St. Petersburg Times Online: News of the Tampa Bay area
Place an Ad Calendars Classified Forums Sports Weather
  • Civil rights or just sour grapes?
  • Tampa aide's house had no permit for pool
  • Reasonable treatment or extreme measures?
  • Hillsborough commits to touch-screen voting
  • Crewmen each given 21 years for drug smuggling
  • OSHA probes worker's death
  • Tampa Bay briefs


    printer version

    Civil rights or just sour grapes?

    An executive says using face-recognition technology in Ybor is wrong. Critics note he lost the contract.


    © St. Petersburg Times,
    published August 3, 2001

    TAMPA -- The president of the company that supplied controversial TV surveillance at the Super Bowl says he declined to keep the system in Ybor City after the game for philosophical reasons.

    [Times photo: Bill Serne]
    ampa police officer Raymond C. Green, 28, operates the Face-It surveillance system.
    Using the system in Ybor City now is an "encroachment of personal privacy," said Tom Colatosti, president and chief executive officer of Viisage Technology. "Neighborhood scanning is an unreasonable application" of the face-recognition software. Still, the company had no problems using the system in Ybor City during the week leading up to the Super Bowl and, city officials say, sought the now-controversial deal won by a competitor, Visionics Corp. of New Jersey.

    The Tampa police official responsible for the Ybor City system now in place calls Colatosti's criticism "sour grapes."

    "I couldn't believe it when I heard it," said police Detective Bill Todd. "The last time they called me . . . they wanted to know why we were going with Visionics. They were still trying to get our business."

    Todd, who has vigorously defended the current system despite criticism from around the country, questioned Colatosti's logic. The company had no philosophical concerns about using the system in Ybor City during the Super Bowl, he said, so why now? "Your rights don't change just because it's a special event," he said.

    Colatosti countered by arguing that the Super Bowl drew unusually large crowds to Tampa and Ybor City. "It was part of an overall security program for that weekend -- that's the distinction," said Colatosti, whose company is supplying the technology to the Pinellas County Sheriff's Office. "We don't want our company and our technology sullied by a radical use of the technology."

    The company wants to distance itself from the negative publicity Visionics has received because it has its sights set on an even bigger deal: the Olympics.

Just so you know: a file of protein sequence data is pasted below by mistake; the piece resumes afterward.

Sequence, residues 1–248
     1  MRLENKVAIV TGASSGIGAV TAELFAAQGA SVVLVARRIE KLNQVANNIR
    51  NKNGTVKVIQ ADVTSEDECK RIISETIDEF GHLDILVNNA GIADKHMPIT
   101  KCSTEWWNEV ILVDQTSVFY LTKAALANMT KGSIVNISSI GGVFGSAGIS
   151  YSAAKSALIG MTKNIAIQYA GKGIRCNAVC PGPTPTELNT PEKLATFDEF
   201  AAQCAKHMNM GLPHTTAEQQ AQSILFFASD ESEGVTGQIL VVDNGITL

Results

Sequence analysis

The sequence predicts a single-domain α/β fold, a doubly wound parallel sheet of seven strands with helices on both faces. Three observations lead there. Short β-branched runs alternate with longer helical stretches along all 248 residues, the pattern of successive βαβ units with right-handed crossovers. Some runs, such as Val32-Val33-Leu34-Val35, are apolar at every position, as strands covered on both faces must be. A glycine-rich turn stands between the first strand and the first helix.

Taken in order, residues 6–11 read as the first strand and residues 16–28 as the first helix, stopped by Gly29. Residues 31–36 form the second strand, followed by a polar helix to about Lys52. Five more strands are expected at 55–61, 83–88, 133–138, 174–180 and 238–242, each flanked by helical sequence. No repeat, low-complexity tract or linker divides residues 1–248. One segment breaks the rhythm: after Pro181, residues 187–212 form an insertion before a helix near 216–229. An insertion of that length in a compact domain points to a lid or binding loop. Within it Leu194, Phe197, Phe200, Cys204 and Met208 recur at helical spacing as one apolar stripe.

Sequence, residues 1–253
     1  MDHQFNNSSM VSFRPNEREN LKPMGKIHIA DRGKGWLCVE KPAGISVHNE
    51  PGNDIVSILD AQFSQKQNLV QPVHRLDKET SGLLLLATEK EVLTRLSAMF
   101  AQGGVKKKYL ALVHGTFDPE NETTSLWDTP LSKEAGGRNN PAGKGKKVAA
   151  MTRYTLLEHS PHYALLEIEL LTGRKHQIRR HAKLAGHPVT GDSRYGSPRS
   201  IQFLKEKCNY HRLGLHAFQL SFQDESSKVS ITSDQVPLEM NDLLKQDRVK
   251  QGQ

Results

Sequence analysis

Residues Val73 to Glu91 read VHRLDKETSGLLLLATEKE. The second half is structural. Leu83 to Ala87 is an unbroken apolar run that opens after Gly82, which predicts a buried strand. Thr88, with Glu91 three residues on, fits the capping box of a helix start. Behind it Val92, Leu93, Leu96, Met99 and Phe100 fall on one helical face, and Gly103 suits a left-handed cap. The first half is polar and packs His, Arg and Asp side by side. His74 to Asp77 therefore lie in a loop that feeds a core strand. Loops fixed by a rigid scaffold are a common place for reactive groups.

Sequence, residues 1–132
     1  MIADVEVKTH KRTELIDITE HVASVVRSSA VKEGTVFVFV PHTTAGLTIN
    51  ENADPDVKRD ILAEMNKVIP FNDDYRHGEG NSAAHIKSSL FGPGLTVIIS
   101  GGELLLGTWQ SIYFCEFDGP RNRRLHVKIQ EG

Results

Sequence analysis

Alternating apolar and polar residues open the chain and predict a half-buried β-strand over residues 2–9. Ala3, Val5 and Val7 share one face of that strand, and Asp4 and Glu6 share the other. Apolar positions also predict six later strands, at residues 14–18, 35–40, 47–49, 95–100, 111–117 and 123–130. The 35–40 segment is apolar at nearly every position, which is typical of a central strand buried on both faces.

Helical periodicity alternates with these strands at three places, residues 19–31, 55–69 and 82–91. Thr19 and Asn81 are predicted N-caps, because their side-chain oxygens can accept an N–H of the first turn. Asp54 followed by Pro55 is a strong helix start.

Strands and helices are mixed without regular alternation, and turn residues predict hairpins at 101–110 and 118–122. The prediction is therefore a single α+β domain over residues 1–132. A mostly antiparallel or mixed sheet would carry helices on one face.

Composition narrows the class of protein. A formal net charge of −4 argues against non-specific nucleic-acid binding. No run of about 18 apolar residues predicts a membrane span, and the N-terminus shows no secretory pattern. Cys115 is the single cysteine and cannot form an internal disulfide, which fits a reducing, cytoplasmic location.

"There's been talk of use during the Olympics," he said. "Out of public pressure, they may not want to use it." That contract could be worth "anywhere from $100,000 to a couple of million," he said.

    Pinellas County commissioners last month cleared the way for Sheriff Everett Rice to accept a $3.5-million federal grant to use Viisage's software to look for matches between people wanted for crimes and people who have been booked into the county jail. The grant originally envisioned using the software to match faces with driver's license photographs, but commissioners required Rice to seek their approval before expanding the project to include those pictures.

    Pinellas won't film the general public. The Sheriff's Office plans to use the grant to update its jail video booking system. As people are booked into the county jail, their photos will be scanned against more than 400,000 jail mug shots. Colatosti of Viisage contends his company never bid for the contract Visionics won. Todd called Colatosti's statements "less than truthful."

    A former vendor for Viisage who now sells Visionics equipment confirmed Todd's version.

    David Watkins said he worked until February for Graphco Technologies, which supplied the Viisage software for the Super Bowl. "They would have loved to have had it," he said of the deal Visionics won. But Viisage's system did not work properly, he said.

    "Their technology works if you have a compliant subject," Watkins said. "The software does not work well in the surveillance setting. It does not work fast enough to react to the image it sees."

    Colatosti disputed Watkins' account. "We did great" during the Super Bowl, he said.

    Nineteen people matched known criminals in the company's database, he said. Though no arrests were made because of the vast crowds at the stadium, the company won "tens of millions of dollars in free publicity."

    Camera contract okayed

    On Thursday, the City Council voted 4-3 to keep the contract with Visionics, despite heated criticism from some who derided the surveillance equipment as "spy cameras" that intruded on citizens' privacy.

    Mike Pheneger, a secretary for the Florida ACLU, called the cameras "a high-tech version of stop and frisk" that would lead to disproportionate targeting of minority groups.

    "This is the height of foolishness," Pheneger said.

    Even if the council had voted to cancel the contract, however, Mayor Dick Greco could ignore it. Greco has been a vocal proponent of the Visionics technology.

    - Times staff writer Christopher Goffard contributed to this report.

    Back to Tampa Bay area news

    Back to Top

    © 2006 • All Rights Reserved • Tampa Bay Times
    490 First Avenue South • St. Petersburg, FL 33701 • 727-893-8111
    Special Links
    Mary Jo Melone
    Howard Troxler

    From the Times
    local news desks